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    ^
    The wife has just walked in with a plateful of them.
    Been told they are Plub
    Persimmons in English

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    Yellow Plum from Northern Thailand, also shipped from China, behind is a woman, they also have them in China but not sure about shipping.

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    Have you got any cheese Thetyim's Avatar
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    Quote Originally Posted by dirtydog
    behind is a woman, they also have them in China but not sure about shipping.
    Male order only, I'm afraid

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    Days Work Done! Norton's Avatar
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    Quote Originally Posted by Thetyim
    Persimmons in English
    Very good. 10 baht each here though.

  8. #8
    Have you got any cheese Thetyim's Avatar
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    15 baht a kilogram here and rapidly becoming my favourite fruit.
    They have a lovely flavour this year.

    The Greeks named them Divine Fruit

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    I have always known them as Sharon Fruit...

    I love them as well...and prefer the name Sharon to Persimmons ...

  10. #10
    Have you got any cheese Thetyim's Avatar
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    ^
    Sharon fruit is the Israeli name for the same/similar fruit

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    loob lor geezer
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    Quote Originally Posted by Norton View Post
    Quote Originally Posted by Thetyim
    Persimmons in English
    Very good. 10 baht each here though.
    Picked up 4 for 10 baht in Big C Bangyai a couple of weeks back on offer.
    Ms Bangyai liked them but not so sure myself. O.K. ish but these were a bit ripe and very soft. Might have liked them more had they been a bit harder.

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    Quote Originally Posted by Thetyim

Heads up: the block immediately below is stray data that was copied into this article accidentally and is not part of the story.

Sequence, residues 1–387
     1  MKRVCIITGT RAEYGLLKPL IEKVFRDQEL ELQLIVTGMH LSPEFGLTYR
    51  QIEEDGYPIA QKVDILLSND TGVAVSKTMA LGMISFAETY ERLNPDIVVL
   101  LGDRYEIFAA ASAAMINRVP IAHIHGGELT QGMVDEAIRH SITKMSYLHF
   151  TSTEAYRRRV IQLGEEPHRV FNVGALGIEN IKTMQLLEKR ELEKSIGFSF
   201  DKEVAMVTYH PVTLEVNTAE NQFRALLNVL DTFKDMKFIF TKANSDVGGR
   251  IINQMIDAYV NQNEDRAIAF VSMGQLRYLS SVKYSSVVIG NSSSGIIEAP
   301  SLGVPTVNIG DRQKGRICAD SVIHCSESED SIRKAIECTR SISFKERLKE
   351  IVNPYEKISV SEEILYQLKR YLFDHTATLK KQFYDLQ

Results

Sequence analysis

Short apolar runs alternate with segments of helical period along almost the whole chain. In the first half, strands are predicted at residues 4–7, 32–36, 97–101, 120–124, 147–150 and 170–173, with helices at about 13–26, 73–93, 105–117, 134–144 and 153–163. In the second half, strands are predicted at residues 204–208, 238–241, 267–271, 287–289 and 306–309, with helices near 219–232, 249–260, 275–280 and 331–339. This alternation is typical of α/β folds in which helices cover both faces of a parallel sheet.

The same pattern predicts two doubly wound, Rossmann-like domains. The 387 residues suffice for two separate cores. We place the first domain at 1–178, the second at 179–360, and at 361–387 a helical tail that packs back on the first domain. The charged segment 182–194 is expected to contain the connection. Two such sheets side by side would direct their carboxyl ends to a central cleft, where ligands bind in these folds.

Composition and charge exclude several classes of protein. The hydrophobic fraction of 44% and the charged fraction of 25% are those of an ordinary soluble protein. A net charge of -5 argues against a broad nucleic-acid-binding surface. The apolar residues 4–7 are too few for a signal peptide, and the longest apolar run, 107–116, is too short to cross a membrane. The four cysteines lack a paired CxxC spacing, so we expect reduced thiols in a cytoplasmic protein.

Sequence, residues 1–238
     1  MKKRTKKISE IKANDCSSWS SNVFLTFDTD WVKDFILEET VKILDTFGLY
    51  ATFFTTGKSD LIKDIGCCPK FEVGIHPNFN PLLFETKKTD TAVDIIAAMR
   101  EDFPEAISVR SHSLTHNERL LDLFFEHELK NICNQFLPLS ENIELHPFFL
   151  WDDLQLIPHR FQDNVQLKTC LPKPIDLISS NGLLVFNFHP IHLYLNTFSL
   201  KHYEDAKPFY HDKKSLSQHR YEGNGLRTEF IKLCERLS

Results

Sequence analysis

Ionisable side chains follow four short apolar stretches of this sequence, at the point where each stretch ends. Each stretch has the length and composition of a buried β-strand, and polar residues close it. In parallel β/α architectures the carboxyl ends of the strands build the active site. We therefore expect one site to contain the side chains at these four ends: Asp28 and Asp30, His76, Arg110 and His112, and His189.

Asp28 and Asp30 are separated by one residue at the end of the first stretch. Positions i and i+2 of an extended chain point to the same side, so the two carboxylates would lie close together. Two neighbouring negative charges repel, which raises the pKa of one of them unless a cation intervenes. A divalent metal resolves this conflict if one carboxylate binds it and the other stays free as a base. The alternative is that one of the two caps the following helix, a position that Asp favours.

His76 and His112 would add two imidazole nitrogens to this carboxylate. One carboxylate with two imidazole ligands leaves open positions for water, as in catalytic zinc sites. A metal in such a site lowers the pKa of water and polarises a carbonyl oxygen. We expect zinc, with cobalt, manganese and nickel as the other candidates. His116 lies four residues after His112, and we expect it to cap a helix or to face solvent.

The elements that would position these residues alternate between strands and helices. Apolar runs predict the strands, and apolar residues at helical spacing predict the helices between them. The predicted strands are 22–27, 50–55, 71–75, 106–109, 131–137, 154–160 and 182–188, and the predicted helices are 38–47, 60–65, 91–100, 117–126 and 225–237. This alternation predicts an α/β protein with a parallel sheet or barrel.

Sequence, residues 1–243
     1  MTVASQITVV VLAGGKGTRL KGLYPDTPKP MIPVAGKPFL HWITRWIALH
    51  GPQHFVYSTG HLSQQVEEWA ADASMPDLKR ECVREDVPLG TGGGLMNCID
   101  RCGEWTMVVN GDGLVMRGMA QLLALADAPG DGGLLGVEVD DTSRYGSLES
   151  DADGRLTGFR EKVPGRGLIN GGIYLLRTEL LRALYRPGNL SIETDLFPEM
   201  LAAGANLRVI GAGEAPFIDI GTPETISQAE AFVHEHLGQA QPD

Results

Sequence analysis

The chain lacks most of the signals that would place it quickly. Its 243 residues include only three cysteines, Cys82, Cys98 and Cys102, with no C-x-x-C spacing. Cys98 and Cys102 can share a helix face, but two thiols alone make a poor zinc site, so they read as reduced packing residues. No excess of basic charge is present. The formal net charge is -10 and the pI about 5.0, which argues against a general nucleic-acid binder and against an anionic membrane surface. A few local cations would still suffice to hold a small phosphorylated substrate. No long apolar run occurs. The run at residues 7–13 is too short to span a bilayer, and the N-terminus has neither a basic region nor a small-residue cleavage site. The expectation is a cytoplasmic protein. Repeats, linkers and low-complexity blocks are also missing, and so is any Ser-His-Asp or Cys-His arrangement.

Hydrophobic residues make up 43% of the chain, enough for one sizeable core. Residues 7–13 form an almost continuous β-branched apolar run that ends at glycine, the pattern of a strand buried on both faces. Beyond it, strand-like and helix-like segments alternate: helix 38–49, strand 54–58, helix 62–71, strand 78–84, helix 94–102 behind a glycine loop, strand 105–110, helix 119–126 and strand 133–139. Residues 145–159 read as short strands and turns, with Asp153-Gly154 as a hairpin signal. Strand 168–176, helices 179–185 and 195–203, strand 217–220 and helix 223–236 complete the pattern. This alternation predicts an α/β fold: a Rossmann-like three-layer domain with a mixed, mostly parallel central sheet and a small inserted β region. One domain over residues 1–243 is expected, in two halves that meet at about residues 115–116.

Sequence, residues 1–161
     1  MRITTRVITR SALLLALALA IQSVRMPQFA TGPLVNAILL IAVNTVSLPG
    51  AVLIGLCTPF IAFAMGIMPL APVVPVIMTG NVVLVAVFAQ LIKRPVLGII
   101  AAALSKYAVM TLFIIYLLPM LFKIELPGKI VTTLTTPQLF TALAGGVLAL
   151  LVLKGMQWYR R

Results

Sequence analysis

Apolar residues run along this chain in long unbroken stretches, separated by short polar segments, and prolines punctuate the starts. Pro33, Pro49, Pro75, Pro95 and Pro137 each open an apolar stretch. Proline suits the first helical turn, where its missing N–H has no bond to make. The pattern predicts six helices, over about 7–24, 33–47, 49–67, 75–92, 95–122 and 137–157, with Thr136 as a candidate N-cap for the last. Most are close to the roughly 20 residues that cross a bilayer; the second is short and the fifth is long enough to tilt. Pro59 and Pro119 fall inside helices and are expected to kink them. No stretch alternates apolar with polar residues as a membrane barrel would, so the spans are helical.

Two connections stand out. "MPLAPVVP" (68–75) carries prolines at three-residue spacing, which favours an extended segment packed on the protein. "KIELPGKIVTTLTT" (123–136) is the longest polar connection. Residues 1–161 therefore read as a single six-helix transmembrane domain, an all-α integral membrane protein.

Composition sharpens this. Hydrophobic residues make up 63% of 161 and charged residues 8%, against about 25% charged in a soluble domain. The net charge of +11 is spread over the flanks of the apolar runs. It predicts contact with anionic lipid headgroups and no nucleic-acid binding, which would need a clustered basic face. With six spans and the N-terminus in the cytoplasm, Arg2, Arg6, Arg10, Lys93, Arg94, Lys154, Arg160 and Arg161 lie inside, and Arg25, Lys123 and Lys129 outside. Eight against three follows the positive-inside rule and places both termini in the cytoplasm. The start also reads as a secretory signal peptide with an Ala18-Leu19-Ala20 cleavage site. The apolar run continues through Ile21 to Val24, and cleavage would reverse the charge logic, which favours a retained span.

Sharon fruit is the Israeli name for the same/similar fruit
    ...and there was me thinking in terms of Sheila and Sharon...

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    loob lor geezer
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    One of my favourites when I lived in town




    This one is good for a wander to listen to music and grab a snack in the evening.



    Ms Bangyai old favourite for clothes and riverside dining nearby



    Really, you can't beat Bangkok for markets.....something for everyone.

  14. #14
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    what about the good old kebabs?

    I had a slight disagreement with a gonebezerk all over a donner kebab, i spoke to him in Turkish and he didn't know What I said but swore blind he was A CaptainKirk and was fluent in Turkish.

    just told him to fuck off in the end

    He'll need more than a big knife to worry me!

    pretty sure I said something along the lines of his family sucking donkey cock for fun...
    Well, luckily I didn't have any tortoises on me at the time...

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    The green things

    The tangerine-sized green things in bowls look to have a dna link to Jamaican Ugli fruit. Same bumpay face' mon.

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    Being chased by sloths DJ Pat's Avatar
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    There's a good riverside market next to 'Thewet' river pier, opens after 8pm

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    Bangkok Market Soi 22

    Wanglang Market extends to Soi 22 on Arunamarin, this is the more touristy part of the market and gets a lot of farang customers, if you want to buy some nice, erm, sort of nice, knives forks and spoons they have them here, although I have to admit I am not sure where the bloody knives are, so no steak and chips tonight love.



    Flip Flops and shoes galore for sale, pretty sure they don't do pirate copy watches here, thats more your Patpong market area I reckon.



    Go for a beer whilst the wife gets her nails painted, you know it will take ages.



    Imported grapes from the USA at 250baht a kilo seems like a bargain, wonder if they are seedless..



    Quite a few flower places, potted flowers and cut flowers, this cacti collection would be a nice start to a spikey garden



    Have to admit I know this is a fruit but no idea what sort, someone spent a long time cutting it and getting the seeds out though, re-planting the seeds?



    We all know this fruit, probably most of us can't spell it though, I have seen these growing in Thailand, but I also think they grow in the UK, so a pretty hardy fruit I reckon, too many seeds for my liking, ie too much bother.


  18. #18
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    Nice thread, the markets in bangkok get hot but are an excellent photo opportunity.

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    Quote Originally Posted by dirtydog View Post

    We all know this fruit, probably most of us can't spell it though, I have seen these growing in Thailand, but I also think they grow in the UK, so a pretty hardy fruit I reckon, too many seeds for my liking, ie too much bother.